Sally Beauty has built its business on the professional trade. Although its stores are open to the general public, Sally has traditionally kept a low profile, preferring to be more of a best kept secret.
Galvanized by support from the influencer community and sharing of hair tips and tricks on social media, Sally is stirring up interest for its 5,000-plus stores located in 12 countries.
“We’ve been around for over 50 years, founded as a brand to provide products for people in the business of doing hair,” explained Carrie McDermott, who joined Sally Beauty as president in August from DSW. “We are now also focusing on the DIY market — people who love to do their own hair or style their friends. With YouTube, Instagram and Pinterest, people are really getting creative and we need to play in that space.”
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McDermott said Sally Beauty is positioned to attract a broad swatch of shoppers. “We see opportunity [in beauty] because we are within seven miles of 90 percent of our customer base. What’s important about hair is that you need someone you can talk to — you can Google hair, but it is useful to actually speak to someone. Fifty percent of people who work at Sally’s are trained cosmetologists.” According to financial information, Sally Beauty’s customer base is 20 percent professional and 80 percent retail.
Sally Beauty is unlocking the potential of social media content providers as an avenue to raise awareness of the 7,000 products packed into its stores.
Over the past year, Sally Beauty has engaged these influencers in several markets, staging pop-up Get Glam Lounge events with hair and makeup demonstrations. Recently, the influencer tour arrived in New York City with demonstrations from a host of experts including celebrity hair stylist Gregory Patterson and professional makeup artist Jade Munson of Ardell.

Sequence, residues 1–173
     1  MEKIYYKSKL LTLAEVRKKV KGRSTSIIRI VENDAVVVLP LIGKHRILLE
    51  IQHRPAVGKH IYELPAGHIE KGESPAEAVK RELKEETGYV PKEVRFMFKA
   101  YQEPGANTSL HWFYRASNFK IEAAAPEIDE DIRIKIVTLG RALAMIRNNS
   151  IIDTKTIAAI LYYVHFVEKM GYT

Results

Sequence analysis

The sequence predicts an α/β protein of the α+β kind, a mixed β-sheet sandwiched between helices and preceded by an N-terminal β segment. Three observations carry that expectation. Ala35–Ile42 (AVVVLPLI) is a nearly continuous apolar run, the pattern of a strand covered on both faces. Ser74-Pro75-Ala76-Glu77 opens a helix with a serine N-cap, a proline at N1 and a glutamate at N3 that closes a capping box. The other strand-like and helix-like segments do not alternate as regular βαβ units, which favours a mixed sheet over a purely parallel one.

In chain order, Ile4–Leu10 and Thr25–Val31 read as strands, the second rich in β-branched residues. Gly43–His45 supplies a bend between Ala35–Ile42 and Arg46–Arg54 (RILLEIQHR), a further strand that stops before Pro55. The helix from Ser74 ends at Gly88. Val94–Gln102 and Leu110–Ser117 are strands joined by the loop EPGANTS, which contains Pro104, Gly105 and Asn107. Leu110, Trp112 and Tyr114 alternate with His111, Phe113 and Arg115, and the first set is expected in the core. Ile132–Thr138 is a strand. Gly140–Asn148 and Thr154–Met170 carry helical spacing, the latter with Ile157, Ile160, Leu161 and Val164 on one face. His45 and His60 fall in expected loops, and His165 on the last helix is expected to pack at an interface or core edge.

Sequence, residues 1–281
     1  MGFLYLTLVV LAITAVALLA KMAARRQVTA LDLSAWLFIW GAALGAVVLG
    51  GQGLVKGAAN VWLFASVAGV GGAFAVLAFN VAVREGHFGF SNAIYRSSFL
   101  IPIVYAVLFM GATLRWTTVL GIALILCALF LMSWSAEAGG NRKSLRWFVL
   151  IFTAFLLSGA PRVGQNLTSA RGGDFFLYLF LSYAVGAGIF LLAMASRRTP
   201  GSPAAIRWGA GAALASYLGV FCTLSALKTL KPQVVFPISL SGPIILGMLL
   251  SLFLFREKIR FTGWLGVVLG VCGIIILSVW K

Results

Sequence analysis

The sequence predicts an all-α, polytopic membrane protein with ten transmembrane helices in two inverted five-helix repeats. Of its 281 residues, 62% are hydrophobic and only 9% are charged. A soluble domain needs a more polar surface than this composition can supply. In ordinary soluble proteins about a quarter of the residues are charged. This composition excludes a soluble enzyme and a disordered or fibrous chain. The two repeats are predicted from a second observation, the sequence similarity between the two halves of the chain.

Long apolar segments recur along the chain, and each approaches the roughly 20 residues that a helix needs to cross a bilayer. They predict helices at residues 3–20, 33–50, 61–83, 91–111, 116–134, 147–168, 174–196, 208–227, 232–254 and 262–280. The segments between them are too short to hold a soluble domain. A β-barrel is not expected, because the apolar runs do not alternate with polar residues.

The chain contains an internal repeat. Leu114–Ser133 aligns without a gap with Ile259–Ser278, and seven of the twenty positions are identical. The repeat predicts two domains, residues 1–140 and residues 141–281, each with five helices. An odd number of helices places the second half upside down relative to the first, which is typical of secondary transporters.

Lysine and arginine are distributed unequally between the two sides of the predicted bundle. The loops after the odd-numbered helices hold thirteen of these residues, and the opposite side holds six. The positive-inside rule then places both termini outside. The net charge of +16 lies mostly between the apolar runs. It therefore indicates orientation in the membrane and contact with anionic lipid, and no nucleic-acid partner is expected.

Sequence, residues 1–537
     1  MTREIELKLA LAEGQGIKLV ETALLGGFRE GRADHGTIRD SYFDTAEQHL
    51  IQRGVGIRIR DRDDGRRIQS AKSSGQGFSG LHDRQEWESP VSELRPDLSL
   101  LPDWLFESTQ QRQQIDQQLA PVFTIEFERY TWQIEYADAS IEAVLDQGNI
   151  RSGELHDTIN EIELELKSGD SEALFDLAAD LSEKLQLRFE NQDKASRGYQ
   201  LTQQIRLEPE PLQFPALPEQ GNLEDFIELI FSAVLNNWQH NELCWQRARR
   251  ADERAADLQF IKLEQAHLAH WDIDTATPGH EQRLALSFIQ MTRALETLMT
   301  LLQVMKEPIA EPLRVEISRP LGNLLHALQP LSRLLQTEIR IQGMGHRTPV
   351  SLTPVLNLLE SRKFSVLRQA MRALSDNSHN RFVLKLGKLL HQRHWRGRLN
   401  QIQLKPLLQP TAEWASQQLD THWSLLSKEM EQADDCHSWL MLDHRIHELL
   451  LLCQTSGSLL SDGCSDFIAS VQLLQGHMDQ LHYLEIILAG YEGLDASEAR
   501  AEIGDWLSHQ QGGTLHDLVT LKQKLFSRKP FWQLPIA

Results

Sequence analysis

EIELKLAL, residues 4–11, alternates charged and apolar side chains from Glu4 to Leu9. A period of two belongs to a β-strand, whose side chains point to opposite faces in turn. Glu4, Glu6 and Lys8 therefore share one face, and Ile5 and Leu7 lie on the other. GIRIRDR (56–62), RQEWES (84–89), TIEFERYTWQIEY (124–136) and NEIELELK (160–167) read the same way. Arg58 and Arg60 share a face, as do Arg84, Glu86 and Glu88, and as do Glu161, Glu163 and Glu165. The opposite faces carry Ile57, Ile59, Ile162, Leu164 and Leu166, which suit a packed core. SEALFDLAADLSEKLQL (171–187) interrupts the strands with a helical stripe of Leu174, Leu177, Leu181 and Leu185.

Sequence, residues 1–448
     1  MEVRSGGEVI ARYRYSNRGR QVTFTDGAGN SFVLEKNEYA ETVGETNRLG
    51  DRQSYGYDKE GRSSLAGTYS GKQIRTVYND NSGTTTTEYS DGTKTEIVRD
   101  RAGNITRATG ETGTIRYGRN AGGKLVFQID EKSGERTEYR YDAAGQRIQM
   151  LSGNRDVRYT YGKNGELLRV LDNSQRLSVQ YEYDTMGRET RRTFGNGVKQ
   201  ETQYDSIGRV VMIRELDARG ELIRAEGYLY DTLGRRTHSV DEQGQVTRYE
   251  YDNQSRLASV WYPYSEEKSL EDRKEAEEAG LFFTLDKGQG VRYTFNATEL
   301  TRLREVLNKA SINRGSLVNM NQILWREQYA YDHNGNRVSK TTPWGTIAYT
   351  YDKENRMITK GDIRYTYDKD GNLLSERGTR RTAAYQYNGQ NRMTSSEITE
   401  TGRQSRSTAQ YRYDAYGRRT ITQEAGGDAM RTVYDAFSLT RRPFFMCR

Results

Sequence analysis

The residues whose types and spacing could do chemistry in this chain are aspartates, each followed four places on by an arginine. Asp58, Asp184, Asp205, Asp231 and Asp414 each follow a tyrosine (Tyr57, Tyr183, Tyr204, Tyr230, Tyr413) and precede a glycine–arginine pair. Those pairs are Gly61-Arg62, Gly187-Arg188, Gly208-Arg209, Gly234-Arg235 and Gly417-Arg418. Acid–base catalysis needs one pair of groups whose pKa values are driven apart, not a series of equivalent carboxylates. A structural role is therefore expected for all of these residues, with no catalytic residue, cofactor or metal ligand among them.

“This started out as a grassroots event to engage with influencers,” explained Chris Kobus, group vice president and chief marketing officer of Sally Beauty at the New York pop-up last week. “We found that when we go into these cities and engage with influencers to help them learn about trends and techniques, they then ‘talk’ to their followers.”
Kobus said the “sweet spot” number of followers for the influencers building awareness of Sally’s assortment are those with up to 500,000 followers. “They really understand our business and engage their followers and that’s where we resonate.”
Influencers also played a role in a new a 203-stockkeeping unit cosmetics line called Collab launched in October. The brand, which could deliver an estimated $30 million in sales to Sally, was devised by a diverse group of eight influencers.
Beyond its physical store efforts, McDermott said Sally Beauty is revving up its online presence, especially as a vehicle to share hair tips and tricks. E-commerce is also ripe for selling larger beauty equipment to professionals, she added. “But now we also want to be where the customer wants to shop for all beauty needs.”
The company said it is making investments in its e-commerce capabilities that will support two-day delivery to more than 90 percent of U.S. households by the middle of fiscal 2018.
Sally Beauty partnered with Amazon Prime Now to test a two-hour delivery model in the Dallas market. The beauty retailer now has two stores on Amazon with brands offered including Palladio, SheaMoisture, Infusium 23, Miss Jessie’s, Ardell and Orly. Sally Beauty is also working on expanding their loyalty program.
The efforts behind physical stores and e-commerce are expected to help bolster Sally Beauty’s results. For the most recent fiscal year, Sally Beauty posted net sales of $3.94 billion, down 0.4 percent year-over-year. Same-store sales were down 0.7 percent. The company said hurricanes, especially Maria, affected full-year numbers by about 20 basis points, the company said.